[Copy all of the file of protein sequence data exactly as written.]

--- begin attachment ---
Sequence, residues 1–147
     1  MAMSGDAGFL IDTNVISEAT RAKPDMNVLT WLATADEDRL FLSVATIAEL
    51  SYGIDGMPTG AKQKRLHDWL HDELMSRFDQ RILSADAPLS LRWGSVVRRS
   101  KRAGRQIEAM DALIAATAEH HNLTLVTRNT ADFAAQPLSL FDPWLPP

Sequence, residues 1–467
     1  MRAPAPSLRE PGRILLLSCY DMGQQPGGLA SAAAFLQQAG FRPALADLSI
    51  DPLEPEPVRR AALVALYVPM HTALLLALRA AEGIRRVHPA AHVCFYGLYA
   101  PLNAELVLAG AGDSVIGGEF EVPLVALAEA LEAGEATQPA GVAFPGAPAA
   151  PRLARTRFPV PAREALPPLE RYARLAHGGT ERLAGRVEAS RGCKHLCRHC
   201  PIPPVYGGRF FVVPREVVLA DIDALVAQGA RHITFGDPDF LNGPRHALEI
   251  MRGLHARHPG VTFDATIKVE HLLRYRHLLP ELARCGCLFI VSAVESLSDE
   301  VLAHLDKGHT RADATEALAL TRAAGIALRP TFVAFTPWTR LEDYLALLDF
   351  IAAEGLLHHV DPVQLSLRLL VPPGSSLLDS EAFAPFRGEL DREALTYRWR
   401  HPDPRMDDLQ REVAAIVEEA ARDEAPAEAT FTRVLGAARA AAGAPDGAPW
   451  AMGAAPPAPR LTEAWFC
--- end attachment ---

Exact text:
Sequence, residues 1–147
     1  MAMSGDAGFL IDTNVISEAT RAKPDMNVLT WLATADEDRL FLSVATIAEL
    51  SYGIDGMPTG AKQKRLHDWL HDELMSRFDQ RILSADAPLS LRWGSVVRRS
   101  KRAGRQIEAM DALIAATAEH HNLTLVTRNT ADFAAQPLSL FDPWLPP

Sequence, residues 1–467
     1  MRAPAPSLRE PGRILLLSCY DMGQQPGGLA SAAAFLQQAG FRPALADLSI
    51  DPLEPEPVRR AALVALYVPM HTALLLALRA AEGIRRVHPA AHVCFYGLYA
   101  PLNAELVLAG AGDSVIGGEF EVPLVALAEA LEAGEATQPA GVAFPGAPAA
   151  PRLARTRFPV PAREALPPLE RYARLAHGGT ERLAGRVEAS RGCKHLCRHC
   201  PIPPVYGGRF FVVPREVVLA DIDALVAQGA RHITFGDPDF LNGPRHALEI
   251  MRGLHARHPG VTFDATIKVE HLLRYRHLLP ELARCGCLFI VSAVESLSDE
   301  VLAHLDKGHT RADATEALAL TRAAGIALRP TFVAFTPWTR LEDYLALLDF
   351  IAAEGLLHHV DPVQLSLRLL VPPGSSLLDS EAFAPFRGEL DREALTYRWR
   401  HPDPRMDDLQ REVAAIVEEA ARDEAPAEAT FTRVLGAARA AAGAPDGAPW
   451  AMGAAPPAPR LTEAWFC